On Sunday, Dec. 2, 2012 at approximately 3 p.m., the Amherst College police were notified that the word “nigger” had been written in the snow on the roof of a car parked by the Lord Jeffrey Inn. The car was parked on Spring Street on the north side of the street and was therefore not on college property. Because the incident occurred outside the jurisdiction of the campus police department, it has been referred to the town of Amherst police who are currently conducting an investigation into the incident.
Though the incident occurred off-campus, students were concerned, with rumors circulating throughout campus, linking the event to two separate incidents that occurred in Charles Drew House, the Black Culture House, an egging that occurred on Oct. 22 and an incident that occurred Dec. 2 in the early morning in which trash was strewn about the building on the third floor and in the first floor common room.
However, according to Chief of Amherst College Police John Carter, there is currently no evidence that any of these incidents are directly related.
“We are conducting an investigation into [the trash incident] at the moment. Right now it is our belief that that may have more to do with an interpersonal relationship between two people who had just met each other where one person got upset,” Chief Carter said. “It’s impossible to say that these are not related, but there is not evidence right now that all these incidents are connected.”
Chief Carter explained that the email regarding the racial epithet was written to the College community even though it did not technically occur on the college campus because of the Cleary Act.
“The reason it was sent out is that there are certain parameters in Cleary of when we have to send out a notice and it’s when an incident happens that is in one of the, I believe, six categories now under Cleary now that happen either on campus or immediately adjacent to it,” Chief Carter said. “Looking at this incident, it was immediately adjacent to campus, it is an area that is traveled by our students, and we felt that it was very important that they were aware of it.”
Though the incident may not be related to the college, the Dean of Students office and the College administration stated in a school-wide email that “should it be discovered that a member of the Amherst College community is involved, serious disciplinary action would result.”
However, though the incident didn’t occur directly on campus, members of the College administration and students are taking it very seriously.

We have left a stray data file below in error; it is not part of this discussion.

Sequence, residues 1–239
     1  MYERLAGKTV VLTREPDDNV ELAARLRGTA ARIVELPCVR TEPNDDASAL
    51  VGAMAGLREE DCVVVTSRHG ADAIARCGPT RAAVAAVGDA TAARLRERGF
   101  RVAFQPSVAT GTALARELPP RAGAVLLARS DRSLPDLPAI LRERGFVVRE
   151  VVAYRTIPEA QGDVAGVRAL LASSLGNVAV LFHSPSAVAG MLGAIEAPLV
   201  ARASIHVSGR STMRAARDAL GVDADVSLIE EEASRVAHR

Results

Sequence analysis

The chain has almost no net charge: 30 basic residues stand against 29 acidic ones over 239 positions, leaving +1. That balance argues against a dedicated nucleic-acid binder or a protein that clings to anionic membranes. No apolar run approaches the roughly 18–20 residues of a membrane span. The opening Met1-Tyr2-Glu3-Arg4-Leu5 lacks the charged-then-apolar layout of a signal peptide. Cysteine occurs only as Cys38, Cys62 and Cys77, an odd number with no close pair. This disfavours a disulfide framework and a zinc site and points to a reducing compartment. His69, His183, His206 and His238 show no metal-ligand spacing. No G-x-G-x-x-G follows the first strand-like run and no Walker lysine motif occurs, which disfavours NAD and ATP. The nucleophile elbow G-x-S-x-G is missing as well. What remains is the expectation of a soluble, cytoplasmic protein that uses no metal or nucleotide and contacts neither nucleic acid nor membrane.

On Dec. 4, President Carolyn “Biddy” Martin sent out a school-wide email addressing the incident and pledging to continue changing the culture of the College to make it a more inclusive environment.
“I wish the members of our community had been spared the pain inflicted by the act that occurred this past weekend and the other acts and insults and exclusions that too many of you have endured in your lives,” Martin said in her statement. “I want to work with you to combat racism and other forms of bias and disrespect, while building on what is hopeful about the opportunity at Amherst to make something of our diversity.”
Towards that end, Martin will be holding an open meeting today from 3:30 to 5:00 p.m., in Cole Assembly Room to discuss views on a possible symposium that would deal with race and diversity in the spring semester and other possible actions the College could take.
“Amherst is focused on making — but has not yet completed — the changes that would more fundamentally alter our culture and give it the inclusiveness we seek. We have taken deliberate first steps through our admission policies by assembling students from very different socio-economic, racial, ethnic, religious, and national backgrounds and of different genders and sexual orientations. Our task now is to put difference — and intellectual engagement with it — at the heart of our community and our everyday practices. Our efforts to make diversity a benefit for each and every one of us, to celebrate and embrace it, to develop a culture in which openness defines Amherst is our best hope for change. We won’t get there without acknowledging that discrimination of various forms continues to damage our institutions, our responses to one another, and our individual psyches. We won’t get there without accepting that this is an evolving community and that change takes advocacy and activism, but also time, patience, and the serious exchange of ideas,” Martin said in her statement. “Presidential statements, important as they may be in certain contexts, have limited power to make a difference. Change requires the involvement of a community, the willingness to listen to one another, a tolerance for conflict and the hard work of collaboration.”
Campus Police encourages anyone to contact them if they have any information about the incident.